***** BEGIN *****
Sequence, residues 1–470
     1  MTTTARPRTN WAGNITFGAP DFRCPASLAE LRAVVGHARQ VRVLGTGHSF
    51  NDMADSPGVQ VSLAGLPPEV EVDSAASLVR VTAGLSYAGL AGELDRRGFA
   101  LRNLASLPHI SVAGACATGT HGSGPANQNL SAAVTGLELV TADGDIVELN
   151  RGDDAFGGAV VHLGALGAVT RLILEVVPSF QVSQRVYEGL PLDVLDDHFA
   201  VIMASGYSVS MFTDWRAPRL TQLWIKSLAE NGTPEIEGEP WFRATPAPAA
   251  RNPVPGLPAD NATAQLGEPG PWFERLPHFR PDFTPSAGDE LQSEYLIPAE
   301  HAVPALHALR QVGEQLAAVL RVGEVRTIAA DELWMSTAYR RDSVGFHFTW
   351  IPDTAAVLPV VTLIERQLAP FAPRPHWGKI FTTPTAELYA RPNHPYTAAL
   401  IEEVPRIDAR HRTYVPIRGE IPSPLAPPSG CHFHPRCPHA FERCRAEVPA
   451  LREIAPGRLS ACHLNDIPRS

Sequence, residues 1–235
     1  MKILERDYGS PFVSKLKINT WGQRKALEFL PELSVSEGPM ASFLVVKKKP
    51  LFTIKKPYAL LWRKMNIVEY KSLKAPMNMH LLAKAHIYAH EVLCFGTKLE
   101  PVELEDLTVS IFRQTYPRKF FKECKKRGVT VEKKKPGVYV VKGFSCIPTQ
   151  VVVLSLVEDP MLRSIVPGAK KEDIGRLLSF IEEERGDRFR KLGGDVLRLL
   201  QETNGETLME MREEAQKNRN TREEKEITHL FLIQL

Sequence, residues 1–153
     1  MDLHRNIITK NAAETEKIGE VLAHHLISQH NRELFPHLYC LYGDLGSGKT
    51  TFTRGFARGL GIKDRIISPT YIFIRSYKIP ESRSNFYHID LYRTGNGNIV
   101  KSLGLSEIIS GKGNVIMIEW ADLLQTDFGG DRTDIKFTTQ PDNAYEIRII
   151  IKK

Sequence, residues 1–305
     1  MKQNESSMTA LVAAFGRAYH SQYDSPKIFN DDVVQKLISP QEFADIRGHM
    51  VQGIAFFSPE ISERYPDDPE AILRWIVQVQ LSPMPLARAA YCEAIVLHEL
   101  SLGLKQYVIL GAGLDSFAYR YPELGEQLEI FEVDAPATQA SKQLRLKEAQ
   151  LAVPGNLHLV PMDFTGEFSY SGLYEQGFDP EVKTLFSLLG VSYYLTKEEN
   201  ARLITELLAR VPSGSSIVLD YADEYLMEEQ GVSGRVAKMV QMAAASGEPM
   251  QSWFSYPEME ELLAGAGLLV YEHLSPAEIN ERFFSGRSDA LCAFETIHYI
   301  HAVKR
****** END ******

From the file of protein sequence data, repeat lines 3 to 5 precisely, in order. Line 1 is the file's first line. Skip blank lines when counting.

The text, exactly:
    51  NDMADSPGVQ VSLAGLPPEV EVDSAASLVR VTAGLSYAGL AGELDRRGFA
   101  LRNLASLPHI SVAGACATGT HGSGPANQNL SAAVTGLELV TADGDIVELN
   151  RGDDAFGGAV VHLGALGAVT RLILEVVPSF QVSQRVYEGL PLDVLDDHFA